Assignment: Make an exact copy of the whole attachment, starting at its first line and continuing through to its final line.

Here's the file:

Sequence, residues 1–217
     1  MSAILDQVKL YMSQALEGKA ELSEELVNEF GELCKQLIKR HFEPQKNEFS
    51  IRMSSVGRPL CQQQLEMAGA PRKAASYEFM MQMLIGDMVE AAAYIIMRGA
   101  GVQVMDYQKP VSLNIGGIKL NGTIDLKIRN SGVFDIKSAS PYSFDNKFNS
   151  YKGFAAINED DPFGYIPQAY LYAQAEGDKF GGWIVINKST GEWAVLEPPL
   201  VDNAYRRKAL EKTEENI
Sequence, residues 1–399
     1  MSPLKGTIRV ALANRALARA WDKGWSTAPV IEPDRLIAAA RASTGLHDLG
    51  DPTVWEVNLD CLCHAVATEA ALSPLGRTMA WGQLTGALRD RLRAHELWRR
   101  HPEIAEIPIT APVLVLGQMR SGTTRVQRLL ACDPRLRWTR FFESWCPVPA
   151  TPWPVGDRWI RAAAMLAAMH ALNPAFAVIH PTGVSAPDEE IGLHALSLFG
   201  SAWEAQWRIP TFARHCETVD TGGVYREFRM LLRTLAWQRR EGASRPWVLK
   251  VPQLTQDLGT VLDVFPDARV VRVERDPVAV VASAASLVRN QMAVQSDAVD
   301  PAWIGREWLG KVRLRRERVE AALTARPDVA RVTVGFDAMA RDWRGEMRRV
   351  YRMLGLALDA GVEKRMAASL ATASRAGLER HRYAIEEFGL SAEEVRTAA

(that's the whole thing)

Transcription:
Sequence, residues 1–217
     1  MSAILDQVKL YMSQALEGKA ELSEELVNEF GELCKQLIKR HFEPQKNEFS
    51  IRMSSVGRPL CQQQLEMAGA PRKAASYEFM MQMLIGDMVE AAAYIIMRGA
   101  GVQVMDYQKP VSLNIGGIKL NGTIDLKIRN SGVFDIKSAS PYSFDNKFNS
   151  YKGFAAINED DPFGYIPQAY LYAQAEGDKF GGWIVINKST GEWAVLEPPL
   201  VDNAYRRKAL EKTEENI
Sequence, residues 1–399
     1  MSPLKGTIRV ALANRALARA WDKGWSTAPV IEPDRLIAAA RASTGLHDLG
    51  DPTVWEVNLD CLCHAVATEA ALSPLGRTMA WGQLTGALRD RLRAHELWRR
   101  HPEIAEIPIT APVLVLGQMR SGTTRVQRLL ACDPRLRWTR FFESWCPVPA
   151  TPWPVGDRWI RAAAMLAAMH ALNPAFAVIH PTGVSAPDEE IGLHALSLFG
   201  SAWEAQWRIP TFARHCETVD TGGVYREFRM LLRTLAWQRR EGASRPWVLK
   251  VPQLTQDLGT VLDVFPDARV VRVERDPVAV VASAASLVRN QMAVQSDAVD
   301  PAWIGREWLG KVRLRRERVE AALTARPDVA RVTVGFDAMA RDWRGEMRRV
   351  YRMLGLALDA GVEKRMAASL ATASRAGLER HRYAIEEFGL SAEEVRTAA